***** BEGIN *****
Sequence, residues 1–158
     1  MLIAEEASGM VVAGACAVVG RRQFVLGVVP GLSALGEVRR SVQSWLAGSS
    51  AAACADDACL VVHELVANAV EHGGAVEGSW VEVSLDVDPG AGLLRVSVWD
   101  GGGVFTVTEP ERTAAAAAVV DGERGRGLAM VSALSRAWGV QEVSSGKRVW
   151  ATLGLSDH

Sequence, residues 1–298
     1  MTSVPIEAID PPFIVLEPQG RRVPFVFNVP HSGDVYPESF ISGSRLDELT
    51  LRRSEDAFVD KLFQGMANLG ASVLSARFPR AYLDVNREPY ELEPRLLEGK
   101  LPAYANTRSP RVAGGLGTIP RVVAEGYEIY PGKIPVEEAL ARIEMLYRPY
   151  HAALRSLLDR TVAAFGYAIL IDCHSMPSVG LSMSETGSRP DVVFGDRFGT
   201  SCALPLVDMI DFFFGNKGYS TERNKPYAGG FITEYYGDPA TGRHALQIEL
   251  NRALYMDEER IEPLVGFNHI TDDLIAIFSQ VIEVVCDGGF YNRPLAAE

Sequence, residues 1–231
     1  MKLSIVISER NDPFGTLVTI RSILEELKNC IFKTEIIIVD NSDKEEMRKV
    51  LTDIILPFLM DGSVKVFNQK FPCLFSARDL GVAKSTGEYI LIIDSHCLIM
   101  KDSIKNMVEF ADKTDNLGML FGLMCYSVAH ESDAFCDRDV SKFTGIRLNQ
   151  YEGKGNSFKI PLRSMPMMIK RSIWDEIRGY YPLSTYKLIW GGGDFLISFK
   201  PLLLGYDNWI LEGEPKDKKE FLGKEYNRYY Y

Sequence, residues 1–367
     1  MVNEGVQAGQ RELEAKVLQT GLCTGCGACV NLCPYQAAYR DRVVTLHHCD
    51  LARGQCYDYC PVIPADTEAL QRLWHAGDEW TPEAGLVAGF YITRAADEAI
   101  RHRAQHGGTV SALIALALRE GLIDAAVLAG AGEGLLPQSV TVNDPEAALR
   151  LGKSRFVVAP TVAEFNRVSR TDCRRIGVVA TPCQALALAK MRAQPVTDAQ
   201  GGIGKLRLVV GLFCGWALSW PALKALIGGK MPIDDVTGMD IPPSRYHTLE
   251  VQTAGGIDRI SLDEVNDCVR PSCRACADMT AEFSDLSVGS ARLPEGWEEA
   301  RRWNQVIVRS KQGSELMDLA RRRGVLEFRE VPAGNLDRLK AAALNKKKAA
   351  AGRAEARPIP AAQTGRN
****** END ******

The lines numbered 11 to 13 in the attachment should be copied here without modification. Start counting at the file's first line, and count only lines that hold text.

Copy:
   201  SCALPLVDMI DFFFGNKGYS TERNKPYAGG FITEYYGDPA TGRHALQIEL
   251  NRALYMDEER IEPLVGFNHI TDDLIAIFSQ VIEVVCDGGF YNRPLAAE

Sequence, residues 1–231